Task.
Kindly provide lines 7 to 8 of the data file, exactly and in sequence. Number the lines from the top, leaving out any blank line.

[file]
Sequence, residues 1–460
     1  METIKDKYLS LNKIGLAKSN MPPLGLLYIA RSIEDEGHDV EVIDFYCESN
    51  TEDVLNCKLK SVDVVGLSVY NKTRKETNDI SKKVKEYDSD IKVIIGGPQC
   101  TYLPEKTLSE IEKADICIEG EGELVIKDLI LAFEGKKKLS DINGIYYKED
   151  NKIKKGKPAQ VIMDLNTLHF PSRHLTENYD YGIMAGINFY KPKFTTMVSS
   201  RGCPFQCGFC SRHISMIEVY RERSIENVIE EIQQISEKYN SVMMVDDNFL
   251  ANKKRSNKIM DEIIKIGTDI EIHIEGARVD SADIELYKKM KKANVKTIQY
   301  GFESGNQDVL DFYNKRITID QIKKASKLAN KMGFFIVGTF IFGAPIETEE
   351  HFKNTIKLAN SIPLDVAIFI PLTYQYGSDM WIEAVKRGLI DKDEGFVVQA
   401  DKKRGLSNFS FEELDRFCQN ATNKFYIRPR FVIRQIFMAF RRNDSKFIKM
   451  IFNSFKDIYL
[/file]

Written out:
   251  ANKKRSNKIM DEIIKIGTDI EIHIEGARVD SADIELYKKM KKANVKTIQY
   301  GFESGNQDVL DFYNKRITID QIKKASKLAN KMGFFIVGTF IFGAPIETEE